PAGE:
A final look at Measure EE

Election 2012

Newport Beach charter amendment proponents hope to make several revisions with a single vote.

November 02, 2012|By Jill Cowan

Finally getting around to figuring out your ballot? Here's a last-minute guide to Newport Beach's Measure EE, which proposes 38 amendments to the city's charter. (For a more in-depth look, see our story from Oct. 13.)

Proponents say the measure will update Newport's processes for the Internet age, make the city more efficient and protect it from costly class-action lawsuits. But beyond a few important provisions, supporters say most of the 38 changes are fairly mundane, like changing "he" to "he/she."

The measure is endorsed unanimously by the City Council, among other groups, like the Newport Beach Chamber of Commerce.

Opponents say it asks voters to approve too many changes with just one vote. Furthermore, they say, some of the components decrease transparency.


The measure is opposed by a group of longtime council critics, along with the League of Women Voters and others.

The following are some key changes.


Red-Light Cameras

Measure EE would add a provision banning red-light cameras from city streets. Proponents say the cameras are operated by private companies that lure cities into expensive contracts with the promise of revenue from tickets, and that a charter amendment banning them would stop future councils from being tempted.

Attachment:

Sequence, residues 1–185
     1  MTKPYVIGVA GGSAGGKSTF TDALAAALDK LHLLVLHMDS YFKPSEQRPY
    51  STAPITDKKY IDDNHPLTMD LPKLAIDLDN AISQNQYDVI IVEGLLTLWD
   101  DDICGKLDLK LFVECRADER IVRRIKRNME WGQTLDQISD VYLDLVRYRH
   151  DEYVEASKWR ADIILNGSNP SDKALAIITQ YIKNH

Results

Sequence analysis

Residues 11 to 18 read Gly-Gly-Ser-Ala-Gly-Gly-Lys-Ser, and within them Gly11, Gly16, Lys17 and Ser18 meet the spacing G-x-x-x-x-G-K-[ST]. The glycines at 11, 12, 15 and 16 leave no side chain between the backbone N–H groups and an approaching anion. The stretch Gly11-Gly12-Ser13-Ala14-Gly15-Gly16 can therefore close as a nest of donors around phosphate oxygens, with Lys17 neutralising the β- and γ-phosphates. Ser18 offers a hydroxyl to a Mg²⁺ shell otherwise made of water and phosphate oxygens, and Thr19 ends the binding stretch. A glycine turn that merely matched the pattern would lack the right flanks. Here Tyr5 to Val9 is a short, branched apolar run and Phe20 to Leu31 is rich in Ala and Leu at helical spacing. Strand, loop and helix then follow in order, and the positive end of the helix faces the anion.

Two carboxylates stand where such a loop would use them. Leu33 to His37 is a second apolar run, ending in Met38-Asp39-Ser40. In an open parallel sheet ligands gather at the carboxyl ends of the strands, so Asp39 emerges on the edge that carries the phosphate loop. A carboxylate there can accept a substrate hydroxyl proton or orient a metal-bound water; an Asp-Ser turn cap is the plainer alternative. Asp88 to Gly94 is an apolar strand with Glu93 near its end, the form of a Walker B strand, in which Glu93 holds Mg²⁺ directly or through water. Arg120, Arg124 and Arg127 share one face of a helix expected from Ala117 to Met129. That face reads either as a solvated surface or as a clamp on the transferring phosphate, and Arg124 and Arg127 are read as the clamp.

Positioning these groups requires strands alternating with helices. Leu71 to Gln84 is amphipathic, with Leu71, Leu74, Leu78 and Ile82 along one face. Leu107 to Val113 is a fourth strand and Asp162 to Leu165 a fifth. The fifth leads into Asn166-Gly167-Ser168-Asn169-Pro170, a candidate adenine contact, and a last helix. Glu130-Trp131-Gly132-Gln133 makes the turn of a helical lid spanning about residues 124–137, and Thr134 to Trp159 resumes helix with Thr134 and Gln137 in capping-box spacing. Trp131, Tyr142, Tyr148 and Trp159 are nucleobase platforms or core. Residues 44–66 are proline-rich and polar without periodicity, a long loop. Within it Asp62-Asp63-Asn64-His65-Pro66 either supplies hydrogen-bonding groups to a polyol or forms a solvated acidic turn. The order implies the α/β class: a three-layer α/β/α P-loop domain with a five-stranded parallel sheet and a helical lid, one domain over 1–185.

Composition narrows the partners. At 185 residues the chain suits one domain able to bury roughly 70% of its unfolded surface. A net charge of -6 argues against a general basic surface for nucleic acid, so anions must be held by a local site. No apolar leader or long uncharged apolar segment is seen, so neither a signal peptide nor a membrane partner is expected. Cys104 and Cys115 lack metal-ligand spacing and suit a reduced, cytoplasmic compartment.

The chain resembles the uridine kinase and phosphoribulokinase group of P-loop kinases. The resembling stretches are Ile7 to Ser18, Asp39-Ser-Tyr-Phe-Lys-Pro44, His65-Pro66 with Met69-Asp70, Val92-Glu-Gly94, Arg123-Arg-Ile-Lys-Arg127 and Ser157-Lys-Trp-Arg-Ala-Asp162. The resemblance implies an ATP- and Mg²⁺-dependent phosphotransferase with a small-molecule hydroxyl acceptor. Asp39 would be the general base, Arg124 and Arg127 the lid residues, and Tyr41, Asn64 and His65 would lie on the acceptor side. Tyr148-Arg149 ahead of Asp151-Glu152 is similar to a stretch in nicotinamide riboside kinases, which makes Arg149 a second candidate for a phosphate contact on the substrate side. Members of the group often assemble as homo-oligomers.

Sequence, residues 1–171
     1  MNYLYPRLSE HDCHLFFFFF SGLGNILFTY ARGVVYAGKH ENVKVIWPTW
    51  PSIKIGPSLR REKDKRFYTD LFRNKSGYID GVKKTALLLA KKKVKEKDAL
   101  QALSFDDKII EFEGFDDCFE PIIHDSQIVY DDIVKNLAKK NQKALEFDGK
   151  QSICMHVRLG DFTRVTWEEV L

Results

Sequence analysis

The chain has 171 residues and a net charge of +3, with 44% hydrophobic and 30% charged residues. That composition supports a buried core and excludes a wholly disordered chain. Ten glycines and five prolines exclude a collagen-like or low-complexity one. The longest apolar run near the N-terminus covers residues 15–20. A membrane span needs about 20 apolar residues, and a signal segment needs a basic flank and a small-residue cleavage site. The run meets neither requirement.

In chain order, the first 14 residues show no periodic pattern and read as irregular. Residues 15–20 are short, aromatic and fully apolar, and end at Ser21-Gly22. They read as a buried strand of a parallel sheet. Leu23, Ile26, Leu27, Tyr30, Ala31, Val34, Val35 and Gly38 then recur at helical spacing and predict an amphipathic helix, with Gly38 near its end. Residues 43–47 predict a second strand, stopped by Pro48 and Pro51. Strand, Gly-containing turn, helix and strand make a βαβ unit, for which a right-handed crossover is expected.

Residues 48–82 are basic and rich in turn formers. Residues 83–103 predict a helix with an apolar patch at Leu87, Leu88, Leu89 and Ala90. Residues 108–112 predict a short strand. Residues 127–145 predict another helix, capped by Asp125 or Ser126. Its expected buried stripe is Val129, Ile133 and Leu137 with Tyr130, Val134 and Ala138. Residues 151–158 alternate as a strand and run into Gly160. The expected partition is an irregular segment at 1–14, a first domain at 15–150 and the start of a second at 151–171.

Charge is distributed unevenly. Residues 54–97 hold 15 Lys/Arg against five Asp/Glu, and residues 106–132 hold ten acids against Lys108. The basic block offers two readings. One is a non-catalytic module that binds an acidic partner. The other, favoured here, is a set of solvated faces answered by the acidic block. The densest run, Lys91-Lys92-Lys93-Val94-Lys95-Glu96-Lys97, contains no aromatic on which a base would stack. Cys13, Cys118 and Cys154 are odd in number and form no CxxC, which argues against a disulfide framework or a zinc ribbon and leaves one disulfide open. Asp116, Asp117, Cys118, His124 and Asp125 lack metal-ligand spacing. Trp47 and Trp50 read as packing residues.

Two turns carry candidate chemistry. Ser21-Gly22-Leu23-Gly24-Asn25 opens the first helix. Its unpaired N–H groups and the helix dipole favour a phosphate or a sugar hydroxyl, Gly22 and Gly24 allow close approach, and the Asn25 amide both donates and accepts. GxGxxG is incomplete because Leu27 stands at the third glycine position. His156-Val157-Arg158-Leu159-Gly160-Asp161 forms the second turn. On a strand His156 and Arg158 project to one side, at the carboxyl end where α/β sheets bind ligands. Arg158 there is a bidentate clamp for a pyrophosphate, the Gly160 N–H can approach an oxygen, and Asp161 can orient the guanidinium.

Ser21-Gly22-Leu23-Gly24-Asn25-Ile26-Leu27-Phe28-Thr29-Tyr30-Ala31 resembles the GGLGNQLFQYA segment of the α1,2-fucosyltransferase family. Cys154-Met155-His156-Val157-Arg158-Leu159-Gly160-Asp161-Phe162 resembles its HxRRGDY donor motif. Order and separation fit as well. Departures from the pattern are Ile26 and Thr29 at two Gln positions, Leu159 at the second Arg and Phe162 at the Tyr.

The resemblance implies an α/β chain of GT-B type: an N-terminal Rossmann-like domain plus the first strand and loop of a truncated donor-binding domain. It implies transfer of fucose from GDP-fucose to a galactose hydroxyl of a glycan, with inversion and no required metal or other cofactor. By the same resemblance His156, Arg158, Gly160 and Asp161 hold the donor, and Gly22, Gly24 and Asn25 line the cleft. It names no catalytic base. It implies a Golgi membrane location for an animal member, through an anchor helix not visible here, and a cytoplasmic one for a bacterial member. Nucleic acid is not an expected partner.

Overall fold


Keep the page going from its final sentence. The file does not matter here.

Opponents say the change is a red herring, designed to get voters to shepherd the rest of the changes through.


Class-action Lawsuits

One of the changes proposed in the charter would ban class-action lawsuits against the city. While opponents have questioned the legality of such a ban, the city attorney has cited the California Supreme Court Decision Ardon vs. the city of Los Angeles, in saying that it's acceptable.

Officials have said that although no other city seems to have such bans on the books, the move could save the city from being blindsided by predatory attorneys that don't really represent residents' interests. City Attorney Aaron Harp has said that groups could still sue the city by filing the same claim forms.


Council Compensation

Measure EE proposes changing language surrounding council pay. The charter would be changed to say that the council members will be compensated for their work, but supporters say that doesn't amount to a pay raise. Council members already take home about $15,000 per year, plus about $500 extra per month for the mayor, but it has been categorized as a stipend. The changes say council members will receive about that same amount, only now, officially categorized as compensation.

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